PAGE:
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Great Quarrel

Once Horus was grown, he came out of the Delta to claim his right to his father’s "office." This myth, called the Great Quarrel by some, was not a serious one. The story is mostly dialogue. It was created for entertainment; therefor, it is shallow and without real meaning. Nevertheless, it is interesting, and worth mentioning here.

The counsel of the gods was considering giving the office to Set, because he was the larger and stronger of the two. After much discussion and consulting (supposedly, the discussion went on more that eighty years), it was decided to give the crown to Horus. Set became enraged and challenged Horus to a battle in the sea, both of them taking the form of hippopotamuses. Horus accepted. His mother, Isis tried to help him, but ended up not really doing so at all, but rather, made it worse. First, she harpooned him accidentally and released him. Then she harpooned Set, but released him as well because Set was able to persuade her to do so. This angered Horus so much that he came up from the water and cut off his mother’s head. He took the head to the mountains to hide from the punishment he had just earned. He hid under a tree in an oasis and the company of gods looking for him could not find him.

Set was able to find Horus, however. He tore out Horus’s eyes and planted them the ground, where they bloomed into lotus flowers. Set denied being able to find Horus to the counsel, but another god, Hanthor, found Horus again, restored his eyes, then brought him to the counsel. A truce was called and Set and Horus went off to rest together.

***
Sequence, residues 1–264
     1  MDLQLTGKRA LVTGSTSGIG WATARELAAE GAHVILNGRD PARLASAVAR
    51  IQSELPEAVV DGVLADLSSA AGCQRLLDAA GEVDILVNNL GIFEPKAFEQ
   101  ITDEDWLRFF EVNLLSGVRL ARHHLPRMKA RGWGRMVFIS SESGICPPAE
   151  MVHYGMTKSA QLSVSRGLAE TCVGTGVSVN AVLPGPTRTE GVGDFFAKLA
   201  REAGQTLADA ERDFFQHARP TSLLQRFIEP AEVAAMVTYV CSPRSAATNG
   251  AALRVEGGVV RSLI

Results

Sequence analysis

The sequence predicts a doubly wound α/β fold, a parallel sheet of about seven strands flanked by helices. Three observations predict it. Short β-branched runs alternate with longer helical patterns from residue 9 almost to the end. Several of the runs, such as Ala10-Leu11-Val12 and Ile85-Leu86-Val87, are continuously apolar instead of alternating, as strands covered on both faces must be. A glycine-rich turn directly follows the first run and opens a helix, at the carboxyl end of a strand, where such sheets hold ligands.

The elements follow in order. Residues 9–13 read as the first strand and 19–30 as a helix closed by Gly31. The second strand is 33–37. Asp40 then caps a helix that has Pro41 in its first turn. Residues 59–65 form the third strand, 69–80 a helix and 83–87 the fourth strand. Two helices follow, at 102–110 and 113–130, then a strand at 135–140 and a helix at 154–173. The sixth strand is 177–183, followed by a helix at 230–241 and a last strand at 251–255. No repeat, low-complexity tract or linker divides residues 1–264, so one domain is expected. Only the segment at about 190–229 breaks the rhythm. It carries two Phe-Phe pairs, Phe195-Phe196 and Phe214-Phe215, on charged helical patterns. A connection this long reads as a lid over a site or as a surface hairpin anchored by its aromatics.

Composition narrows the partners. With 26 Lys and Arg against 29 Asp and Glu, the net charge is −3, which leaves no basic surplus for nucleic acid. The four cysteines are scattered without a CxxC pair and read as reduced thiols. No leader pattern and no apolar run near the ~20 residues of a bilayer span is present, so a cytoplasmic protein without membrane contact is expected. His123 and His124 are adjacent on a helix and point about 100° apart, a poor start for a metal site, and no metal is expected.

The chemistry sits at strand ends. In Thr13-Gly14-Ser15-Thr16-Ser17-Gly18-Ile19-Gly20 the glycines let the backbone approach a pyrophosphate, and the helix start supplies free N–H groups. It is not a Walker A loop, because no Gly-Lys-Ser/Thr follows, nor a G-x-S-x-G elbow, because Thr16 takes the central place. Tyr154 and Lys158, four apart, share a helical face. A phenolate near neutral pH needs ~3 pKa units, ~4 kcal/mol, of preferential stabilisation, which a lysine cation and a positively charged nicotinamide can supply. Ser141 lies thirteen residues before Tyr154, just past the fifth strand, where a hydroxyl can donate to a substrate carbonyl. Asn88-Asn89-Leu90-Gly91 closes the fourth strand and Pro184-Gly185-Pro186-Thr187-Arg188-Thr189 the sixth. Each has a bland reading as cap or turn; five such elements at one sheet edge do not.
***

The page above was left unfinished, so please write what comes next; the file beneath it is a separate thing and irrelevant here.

This point in the story is a good example of how this myth was not to be taken seriously. The material is vulgar in this portion. In not so many words, Set violated Horus that night. Horus ran to his mother (who obviously did not die from decapitation) with Set’s semen (seed) on his hand. Isis cut off Horus’s contaminated hand, threw the hand in the ditch, and put some of Horus’s semen on Set’s garden. Set became pregnant when he ate from the garden.

Obviously, it was not a moral crime to violate homosexually as it was to be violated homosexually, because Set and Horus went before the counsel and Set declared that Horus was unfit for the crown because he allowed Set to "treat" him homosexually. Horus claimed this was untrue and that the gods should call the "seed" of each to see who had "treated" whom. The gods did so. Set’s seed answered from the ditch, while Horus’s answered from Set. The gods declared Horus right. However, once again, Set challenged Horus to a contest. This time, it was a boat race in boats made of stone. Horus built his in the night, when no one could see. He made his of wood, but covered it with gypsum, making it look like stone. Set saw the boat, and made his of stone, thinking Horus’s was also. The next day, Set’s boat sank immediately, of course. He was enraged and tried to kill Horus, but the gods intervened.

After more discussion and consulting, Set finally agrees to let law rule over brute force and resigns. Horus was given the crown, and in compensation, Set was made god of storms. His main duty was to fend off the serpent dragon of darkness, Apopis, as he tried to overcome Osiris’s divine barge at sunrise and sunset.

This leads us to the myth of Set and Apopis. The tone of this myth was the same as that of the Great Quarrel; however, it was not told in direct speech, but was an actual dramatic piece. During a confrontation with Set, Apopis insulted and embarrassed Set by mentioning Set’s loss of his testicles during battle with Horus. This enraged Set and he wanted to kill the serpent, but was not brave enough to do so face to face. He tricked Apopis into turning his head, then Set cut it off and chopped it up. He was disgraced by this and driven away from the company of the other gods.

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